EnglishEdit

EtymologyEdit

From Middle English deignen, borrowed from Old French deignier (consider worthy), from Latin dīgnō, dīgnārī (consider worthy), from dīgnus (worthy). Cognate to dignity and French daigner.

PronunciationEdit

VerbEdit

deign (third-person singular simple present deigns, present participle deigning, simple past and past participle deigned)

  1. (intransitive) To condescend; to do despite a perceived affront to one's dignity.
    • 1956, Anthony Burgess, Time for a Tiger (The Malayan Trilogy), published 1972, page 192:
      "He will deign to finish this simple fare and wash it down with nothing more Lucullan than beer."
    He didn't even deign to give us a nod of the head; he thought us that far beneath him.
  2. (transitive) To condescend to give; to do something.
    • c. 1606, William Shakespeare, “The Tragedie of Macbeth”, in Mr. William Shakespeares Comedies, Histories, & Tragedies: Published According to the True Originall Copies (First Folio), London: Printed by Isaac Iaggard, and Ed[ward] Blount, published 1623, OCLC 606515358, [Act I, scene ii], page 131, column 2:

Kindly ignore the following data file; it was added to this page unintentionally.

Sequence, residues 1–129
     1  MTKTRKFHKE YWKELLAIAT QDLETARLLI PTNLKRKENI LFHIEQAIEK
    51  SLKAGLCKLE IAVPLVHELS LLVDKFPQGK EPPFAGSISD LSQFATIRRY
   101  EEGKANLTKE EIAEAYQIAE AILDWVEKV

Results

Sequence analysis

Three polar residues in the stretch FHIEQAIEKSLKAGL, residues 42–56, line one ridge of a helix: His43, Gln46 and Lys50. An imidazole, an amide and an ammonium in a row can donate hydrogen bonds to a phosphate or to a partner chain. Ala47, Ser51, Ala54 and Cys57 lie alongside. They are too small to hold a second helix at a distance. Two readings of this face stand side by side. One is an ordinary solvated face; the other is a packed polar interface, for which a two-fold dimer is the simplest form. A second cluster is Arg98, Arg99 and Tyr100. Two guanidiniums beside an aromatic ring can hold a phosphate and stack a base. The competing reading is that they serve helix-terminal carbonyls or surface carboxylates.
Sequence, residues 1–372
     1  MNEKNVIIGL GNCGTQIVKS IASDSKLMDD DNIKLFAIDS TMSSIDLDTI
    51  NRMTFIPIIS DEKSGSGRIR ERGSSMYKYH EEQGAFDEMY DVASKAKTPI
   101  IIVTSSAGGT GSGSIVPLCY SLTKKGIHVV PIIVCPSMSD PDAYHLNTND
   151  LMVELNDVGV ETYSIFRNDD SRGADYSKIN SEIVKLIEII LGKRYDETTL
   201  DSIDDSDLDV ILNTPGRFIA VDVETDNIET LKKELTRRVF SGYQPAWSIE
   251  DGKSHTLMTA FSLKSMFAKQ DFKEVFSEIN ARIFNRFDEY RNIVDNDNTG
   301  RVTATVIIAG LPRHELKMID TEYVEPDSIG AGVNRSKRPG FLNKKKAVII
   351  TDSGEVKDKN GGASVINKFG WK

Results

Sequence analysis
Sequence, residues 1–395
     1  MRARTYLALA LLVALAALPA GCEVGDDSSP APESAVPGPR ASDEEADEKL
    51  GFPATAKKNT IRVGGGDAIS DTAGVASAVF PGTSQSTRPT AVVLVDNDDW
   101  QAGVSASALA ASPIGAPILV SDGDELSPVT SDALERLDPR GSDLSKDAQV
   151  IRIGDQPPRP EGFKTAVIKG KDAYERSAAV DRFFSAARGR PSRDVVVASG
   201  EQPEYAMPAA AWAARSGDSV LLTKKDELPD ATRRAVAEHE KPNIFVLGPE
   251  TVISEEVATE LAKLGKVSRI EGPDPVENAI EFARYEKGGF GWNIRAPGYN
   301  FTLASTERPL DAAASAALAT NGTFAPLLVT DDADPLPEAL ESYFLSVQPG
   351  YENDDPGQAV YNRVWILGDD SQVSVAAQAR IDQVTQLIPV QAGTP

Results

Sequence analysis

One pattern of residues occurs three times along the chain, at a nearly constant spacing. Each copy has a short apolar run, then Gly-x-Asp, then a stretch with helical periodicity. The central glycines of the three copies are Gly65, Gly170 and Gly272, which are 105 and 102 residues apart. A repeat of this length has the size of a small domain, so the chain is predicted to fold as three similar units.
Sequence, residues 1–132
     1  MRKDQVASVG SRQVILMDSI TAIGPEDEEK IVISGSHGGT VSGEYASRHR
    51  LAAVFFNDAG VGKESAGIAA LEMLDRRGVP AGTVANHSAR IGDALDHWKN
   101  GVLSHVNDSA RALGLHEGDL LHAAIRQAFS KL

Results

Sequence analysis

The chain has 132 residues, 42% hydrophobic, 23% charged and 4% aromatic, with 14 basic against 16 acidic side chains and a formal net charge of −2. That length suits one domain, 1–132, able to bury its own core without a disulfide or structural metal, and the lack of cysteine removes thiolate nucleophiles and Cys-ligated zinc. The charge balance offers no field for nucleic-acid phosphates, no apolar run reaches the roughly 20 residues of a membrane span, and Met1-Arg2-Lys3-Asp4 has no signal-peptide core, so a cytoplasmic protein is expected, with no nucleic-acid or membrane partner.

Nor would we deigne him buriall of his men, / Till he diſburſed, at Saint Colmes ynch, / Ten thouſand Dollars, to our generall vſe.
    • 1871, Charlotte Mary Yonge, Heartsease, Or, The Brother's Wife, volume 2, page 189:
      He, who usually hardly deigned a glance at his infants, now lay gazing with inexpressible softness and sadness at the little sleeping face []
  3. (obsolete) To esteem worthy; to consider worth notice.
    • c. 1590, William Shakespeare, “The Two Gentlemen of Verona”, in Mr. William Shakespeares Comedies, Histories, & Tragedies: Published According to the True Originall Copies (First Folio), London: Printed by Isaac Iaggard and Ed[ward] Blout, plublished 1623, →OCLC, [Act I, scene i], page 21, column 1:
      Go, go, be gone, to ſaue your Ship from wrack, / Which cannot periſh hauing thee aboarde, / Being deſtin’d to a drier death on ſhore : / I muſt goe ſend ſome better Meſſenger, / I fear my Iulia would not daigne my lines, / Receiuing them from ſuch a worthleſſe poſt.

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